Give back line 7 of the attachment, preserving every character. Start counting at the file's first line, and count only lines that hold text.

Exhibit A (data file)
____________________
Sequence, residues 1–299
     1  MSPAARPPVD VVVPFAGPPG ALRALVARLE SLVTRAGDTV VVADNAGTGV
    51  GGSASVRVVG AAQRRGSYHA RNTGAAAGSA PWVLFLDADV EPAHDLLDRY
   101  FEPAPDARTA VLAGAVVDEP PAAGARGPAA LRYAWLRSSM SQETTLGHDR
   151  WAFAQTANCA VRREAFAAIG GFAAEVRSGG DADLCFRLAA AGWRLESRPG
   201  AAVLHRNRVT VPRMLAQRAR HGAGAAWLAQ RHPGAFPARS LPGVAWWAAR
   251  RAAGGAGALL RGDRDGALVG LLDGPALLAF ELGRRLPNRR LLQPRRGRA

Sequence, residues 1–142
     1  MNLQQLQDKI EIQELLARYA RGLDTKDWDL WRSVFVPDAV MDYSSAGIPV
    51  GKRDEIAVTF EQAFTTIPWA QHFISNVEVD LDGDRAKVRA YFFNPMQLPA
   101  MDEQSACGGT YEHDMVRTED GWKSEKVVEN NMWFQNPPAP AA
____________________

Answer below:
   251  RAAGGAGALL RGDRDGALVG LLDGPALLAF ELGRRLPNRR LLQPRRGRA